Green Pastures grows rare and unusual fruits and veggies

Published 7:00 am Saturday, June 30, 2018

Catlin Weaver and her family grow a variety of fruits and vegetables at their home in Picayune. From black tomatoes, to Asian eggplants, to deep-brown sweet peppers, Weaver said her family likes to experiment by growing new things.

Weaver said her family moved to their current home about eight years ago, and they started their garden soon after. Last year, she was expecting a new addition to the family, so she wasn’t able to put much time and energy into the garden. But this year, she tried to be more aggressive with building her garden and selling produce.

Weaver starts all of the family’s plants as seeds that she germinates in the nearby greenhouse.

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She said she always plants heirloom plants, which usually consist of older, more traditional varieties of vegetables. She orders all of her seeds from Baker Creek, whose employees travel across the globe in search of rare and unusual seeds.

When starting the garden, Weaver and her husband tried to find a method of gardening that would produce healthy crops without having to douse the plants in chemicals. After doing some research, she said they decided to try the “Back to Eden” method, which involves covering the soil in a thick layer of compost and mulch. This way the soil is not permanently damaged after each crop.

Rather, during the year as the plants absorb nutrients from the mulch, it is turned into new soil, which can then be covered again, Weaver said. She said it isn’t a perfect method, but it has kept the plants and soil healthy.

One of the most interesting crops in her garden, which she started growing this year, is the “Black Beauty” tomato. The fruit from black beauty starts with a deep black color on top and green at the bottom. As the tomato ripens, the bottom changes from green to dark red until it is dark all over. The Baker Creek website calls the Black Beauty the “World’s Darkest Tomato.”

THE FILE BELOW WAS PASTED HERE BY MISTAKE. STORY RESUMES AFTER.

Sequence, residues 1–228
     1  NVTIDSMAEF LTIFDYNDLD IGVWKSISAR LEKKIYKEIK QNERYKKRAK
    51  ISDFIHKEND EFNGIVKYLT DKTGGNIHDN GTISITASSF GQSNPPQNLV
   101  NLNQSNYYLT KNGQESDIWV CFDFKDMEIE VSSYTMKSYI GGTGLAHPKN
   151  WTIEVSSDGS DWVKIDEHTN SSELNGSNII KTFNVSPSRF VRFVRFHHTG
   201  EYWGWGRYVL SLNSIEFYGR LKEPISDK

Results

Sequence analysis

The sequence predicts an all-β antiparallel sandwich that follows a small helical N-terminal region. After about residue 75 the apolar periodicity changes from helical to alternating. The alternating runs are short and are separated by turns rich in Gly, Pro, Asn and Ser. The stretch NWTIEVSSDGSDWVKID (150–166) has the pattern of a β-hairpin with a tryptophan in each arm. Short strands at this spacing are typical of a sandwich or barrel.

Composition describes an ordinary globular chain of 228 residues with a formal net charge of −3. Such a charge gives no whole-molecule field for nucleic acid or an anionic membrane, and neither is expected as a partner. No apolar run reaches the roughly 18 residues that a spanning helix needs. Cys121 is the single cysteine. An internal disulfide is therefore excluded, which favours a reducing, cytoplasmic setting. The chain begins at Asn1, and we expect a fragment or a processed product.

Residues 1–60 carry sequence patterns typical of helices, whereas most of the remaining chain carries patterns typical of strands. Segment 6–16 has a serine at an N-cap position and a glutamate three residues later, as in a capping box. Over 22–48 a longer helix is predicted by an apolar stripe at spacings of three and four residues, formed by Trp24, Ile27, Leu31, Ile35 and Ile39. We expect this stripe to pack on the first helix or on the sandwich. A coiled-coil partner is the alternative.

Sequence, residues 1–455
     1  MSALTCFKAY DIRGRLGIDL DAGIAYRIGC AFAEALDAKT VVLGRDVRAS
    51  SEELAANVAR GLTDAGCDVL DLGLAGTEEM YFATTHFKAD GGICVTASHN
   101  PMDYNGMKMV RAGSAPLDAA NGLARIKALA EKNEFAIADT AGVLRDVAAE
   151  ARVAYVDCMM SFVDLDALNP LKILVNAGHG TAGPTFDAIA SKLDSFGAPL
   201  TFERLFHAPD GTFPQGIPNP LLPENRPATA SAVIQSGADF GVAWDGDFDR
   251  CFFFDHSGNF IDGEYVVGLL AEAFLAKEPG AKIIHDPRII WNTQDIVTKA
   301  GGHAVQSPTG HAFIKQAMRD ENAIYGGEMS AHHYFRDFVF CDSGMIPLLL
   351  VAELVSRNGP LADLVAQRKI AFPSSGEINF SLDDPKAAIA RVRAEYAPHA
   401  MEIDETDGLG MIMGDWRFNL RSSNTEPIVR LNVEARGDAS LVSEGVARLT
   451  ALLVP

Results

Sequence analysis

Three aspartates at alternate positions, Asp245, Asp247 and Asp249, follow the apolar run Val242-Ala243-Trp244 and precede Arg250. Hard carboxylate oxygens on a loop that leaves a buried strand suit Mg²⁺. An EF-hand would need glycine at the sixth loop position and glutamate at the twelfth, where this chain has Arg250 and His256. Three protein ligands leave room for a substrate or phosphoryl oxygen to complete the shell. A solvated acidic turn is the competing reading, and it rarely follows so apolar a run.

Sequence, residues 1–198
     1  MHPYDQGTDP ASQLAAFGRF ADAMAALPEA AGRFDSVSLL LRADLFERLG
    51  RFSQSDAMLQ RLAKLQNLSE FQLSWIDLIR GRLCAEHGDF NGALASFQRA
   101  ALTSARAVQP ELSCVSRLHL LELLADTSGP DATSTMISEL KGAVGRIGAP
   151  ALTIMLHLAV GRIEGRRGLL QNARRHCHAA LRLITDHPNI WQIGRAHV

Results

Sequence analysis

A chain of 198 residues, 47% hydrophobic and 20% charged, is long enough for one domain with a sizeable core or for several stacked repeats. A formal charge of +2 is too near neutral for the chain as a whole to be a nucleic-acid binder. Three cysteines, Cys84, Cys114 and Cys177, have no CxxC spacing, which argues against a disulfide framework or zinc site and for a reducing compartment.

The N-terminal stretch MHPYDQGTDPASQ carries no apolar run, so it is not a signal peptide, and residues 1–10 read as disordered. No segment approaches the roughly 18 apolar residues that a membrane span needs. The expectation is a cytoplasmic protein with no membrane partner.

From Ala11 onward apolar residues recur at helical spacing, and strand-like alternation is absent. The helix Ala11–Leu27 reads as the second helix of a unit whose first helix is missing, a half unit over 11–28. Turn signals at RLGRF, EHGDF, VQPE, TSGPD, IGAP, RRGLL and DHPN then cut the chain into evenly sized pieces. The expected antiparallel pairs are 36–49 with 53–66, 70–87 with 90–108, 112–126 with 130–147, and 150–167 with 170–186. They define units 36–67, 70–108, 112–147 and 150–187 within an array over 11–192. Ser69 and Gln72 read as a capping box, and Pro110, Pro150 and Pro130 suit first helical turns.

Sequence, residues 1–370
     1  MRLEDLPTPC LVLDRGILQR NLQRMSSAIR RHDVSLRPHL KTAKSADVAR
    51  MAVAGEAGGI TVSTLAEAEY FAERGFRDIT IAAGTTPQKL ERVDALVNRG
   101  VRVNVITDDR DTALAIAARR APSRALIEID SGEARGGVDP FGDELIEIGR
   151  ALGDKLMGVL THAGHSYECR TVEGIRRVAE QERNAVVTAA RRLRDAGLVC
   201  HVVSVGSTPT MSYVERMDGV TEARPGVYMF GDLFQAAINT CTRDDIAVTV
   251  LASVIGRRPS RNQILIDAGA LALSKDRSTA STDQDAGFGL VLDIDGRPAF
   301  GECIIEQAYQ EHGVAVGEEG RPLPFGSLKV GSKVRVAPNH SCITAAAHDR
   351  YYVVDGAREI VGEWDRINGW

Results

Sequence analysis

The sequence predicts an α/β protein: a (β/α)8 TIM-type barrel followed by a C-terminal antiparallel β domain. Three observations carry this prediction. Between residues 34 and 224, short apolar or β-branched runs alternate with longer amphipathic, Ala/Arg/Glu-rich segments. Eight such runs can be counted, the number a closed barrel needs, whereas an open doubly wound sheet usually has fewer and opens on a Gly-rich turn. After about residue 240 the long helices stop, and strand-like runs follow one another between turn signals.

Another interesting plant in Weaver’s garden is the Japanese “Ichiban” eggplant, which is extremely thin and long, rather than short and stout. She said she usually likes to grow Rosa Bianca eggplants, which are white with purple stripes, but her batch didn’t work out this year. Weaver also grows rarities such as fuzzy yellow tomatoes, yellow cucumbers, Cherokee Purple tomatoes and dark-brown Zulu peppers.

During the late spring and summer Weaver and her family travel to one of the nearby farmers markets to sell her produce. She said she has been to almost every market in Poplarville and Picayune and is debating on attending the one in Bay St. Louis on the opposite Saturday to Picayune’s farmers market.

Weaver not only sells fruits and vegetables at the farmers markets, but also specialty lemonade. She said she uses fresh ingredients to make blueberry lemonade, watermelon lemonade and even blackberry lemonade. Weaver said her citrus plants took a hit during the most recent hard freezes, but she still makes an effort to offer her lemonade at each market she attends.

To learn more about Weaver’s garden or produce, call her at 601-347-1842.